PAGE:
Spain's Tribulations; from Franco's Dictatorship to a Democracy
Byline: Barry Casselman, SPECIAL TO THE WASHINGTON TIMES
Forty years ago this week, I was a graduate student attending the University of Madrid in Spain. I lived in a pension (boarding house) near the Plaza de Espana, and at one of the evening meals there, I was told that Generalissimo Francisco Franco, the dictator of the Spanish state since 1939 (the end of the Spanish Civil War), was going to propose the next day a new "organic law" of succession to his regime which had already lasted about three decades. The talk at the table that night was that the aging Franco might reinstate formally the Spanish royal family with the young prince Juan Carlos as the future king (after Franco's death).
The next day, camera in hand, I made my way to the Plaza de las Cortes where the Spanish parliament building (the Cortes) stood. The plaza and the streets leading to it were decorated with many bright flags and banners, and huge crowds lined the broad avenue that led into the large open square where approximately 30,000 persons (including myself) had gathered for a rare sighting of the aging chief of state.
The Cortes itself had a large ornate red canopy in front for the occasion, and members of the parliament, government officials and high military officers stood on its steps awaiting Franco's arrival.
Before he did arrive, there was an extraordinary parade of mounted horsemen, military bands, motorcycle police, the Civil Guard wearing their distinctive hats and marching soldiers. The music was not only martial, but quite festive, and each wave of horsemen brought soldiers wearing the uniforms of the Spanish military from what seemed to be every era since the 15th century. There were plumed hats, helmets of the conquistadores, alabarderos with their distinctive medieval halberd weapons and the red boinas (berets) of La Guardia Mora, Franco's personal bodyguards. Armored knights and modern soldiers marched by, one after another, in a seemingly endless parade of Spanish history, all accompanied by cheers from the crowd and stirring music. Then the parade itself came suddenly to an end, and there was a tense silence.
From far down the great avenue that led into the plaza, however, could be heard a growing rhythmic chant. As it came closer and louder, I could hear the chant was "Fran-co! Fran-co! Fran-co!" Finally, moving slowly, came a single 1930s black Rolls Royce limousine which eventually pulled in front of the Cortes (and only a few feet from where I stood). An admiral wearing a white sash, laden with medals, with a crimson cummerbund, walked to the limousine door and opened it.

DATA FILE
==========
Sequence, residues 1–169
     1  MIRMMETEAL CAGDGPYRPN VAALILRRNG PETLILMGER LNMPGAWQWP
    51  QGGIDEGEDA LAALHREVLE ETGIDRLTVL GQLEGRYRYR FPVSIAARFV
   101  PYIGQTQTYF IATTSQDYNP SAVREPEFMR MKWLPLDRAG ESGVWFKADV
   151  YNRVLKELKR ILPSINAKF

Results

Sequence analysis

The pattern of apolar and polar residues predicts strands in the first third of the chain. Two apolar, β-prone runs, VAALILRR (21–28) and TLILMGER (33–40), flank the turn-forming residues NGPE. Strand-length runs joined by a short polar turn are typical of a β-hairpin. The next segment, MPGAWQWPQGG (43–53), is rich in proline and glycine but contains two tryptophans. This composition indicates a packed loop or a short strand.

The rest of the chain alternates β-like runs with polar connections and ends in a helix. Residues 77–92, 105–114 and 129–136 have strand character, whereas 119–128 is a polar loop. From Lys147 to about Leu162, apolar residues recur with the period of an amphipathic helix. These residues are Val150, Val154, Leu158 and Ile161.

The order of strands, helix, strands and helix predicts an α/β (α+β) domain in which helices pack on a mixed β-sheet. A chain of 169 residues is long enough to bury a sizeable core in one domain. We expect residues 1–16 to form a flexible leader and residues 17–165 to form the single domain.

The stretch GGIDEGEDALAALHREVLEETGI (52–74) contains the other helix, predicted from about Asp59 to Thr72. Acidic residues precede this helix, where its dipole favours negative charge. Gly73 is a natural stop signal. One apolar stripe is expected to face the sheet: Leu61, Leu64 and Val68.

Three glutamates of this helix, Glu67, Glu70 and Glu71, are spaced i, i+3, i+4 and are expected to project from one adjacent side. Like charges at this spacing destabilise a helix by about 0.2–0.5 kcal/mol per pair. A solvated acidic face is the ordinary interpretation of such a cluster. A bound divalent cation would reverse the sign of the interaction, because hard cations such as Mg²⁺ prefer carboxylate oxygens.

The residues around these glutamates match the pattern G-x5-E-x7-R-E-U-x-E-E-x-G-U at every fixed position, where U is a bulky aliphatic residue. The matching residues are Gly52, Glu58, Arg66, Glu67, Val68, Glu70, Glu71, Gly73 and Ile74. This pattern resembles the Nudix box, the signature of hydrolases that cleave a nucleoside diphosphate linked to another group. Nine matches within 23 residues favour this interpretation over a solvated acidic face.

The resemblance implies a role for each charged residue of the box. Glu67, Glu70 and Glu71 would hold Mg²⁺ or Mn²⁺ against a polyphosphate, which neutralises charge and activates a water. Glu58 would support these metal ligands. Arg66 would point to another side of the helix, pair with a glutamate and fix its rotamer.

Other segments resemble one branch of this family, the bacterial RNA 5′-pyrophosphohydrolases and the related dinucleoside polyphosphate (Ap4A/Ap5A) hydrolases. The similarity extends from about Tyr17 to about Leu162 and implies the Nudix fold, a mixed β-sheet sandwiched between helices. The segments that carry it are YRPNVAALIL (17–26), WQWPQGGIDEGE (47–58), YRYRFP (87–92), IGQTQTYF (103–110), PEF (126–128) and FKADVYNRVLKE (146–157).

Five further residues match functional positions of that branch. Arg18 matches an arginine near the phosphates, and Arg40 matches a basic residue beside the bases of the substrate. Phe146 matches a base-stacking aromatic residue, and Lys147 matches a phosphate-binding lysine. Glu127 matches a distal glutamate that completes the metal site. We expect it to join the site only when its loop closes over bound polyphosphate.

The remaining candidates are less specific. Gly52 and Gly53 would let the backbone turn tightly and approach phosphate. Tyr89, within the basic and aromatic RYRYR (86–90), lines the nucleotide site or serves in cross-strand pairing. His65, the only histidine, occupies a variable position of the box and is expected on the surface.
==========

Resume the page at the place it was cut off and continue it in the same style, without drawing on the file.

Out stepped "El Caudillo" (The Leader), a short pudgy man with a small moustache, wearing a military uniform, and looking exactly, it seemed to me, like Xavier Cugat, the Cuban band leader I had seen a few years before in Cleveland, Ohio. The legendary fascist dictator paid little attention to the crowd which had been chanting his name. As he walked up the many steps to the entrance of the Cortes, virtually all the 30,000 persons now made the Falangist (Nazi) salute, and began to sing the Falangist anthem.
The color and sound of this spectacular occasion had, until this moment, been thrilling for me, a kid from Erie, Pa. (who doesn't love a great parade?), but when all around me were making the chilling Nazi salute, I was soberly thrust back into a time before I was born, a time when crowds even bigger than this routinely rallied before Franco and his two notorious allies, Adolf Hitler and Benito Mussolini on the streets of Europe.
The Organic Law which Franco presented that day to the parliament was rubber-stamped, and went into effect. Franco's purpose, of course, was to perpetuate his Falangist regime, and in 1969 it was made official that Juan Carlos would be king. Franco had apparently decided years before to bypass Juan Carlos' father, Prince Don Juan de Borbon, who was the son of Alfonso XIII, the last king of Spain. …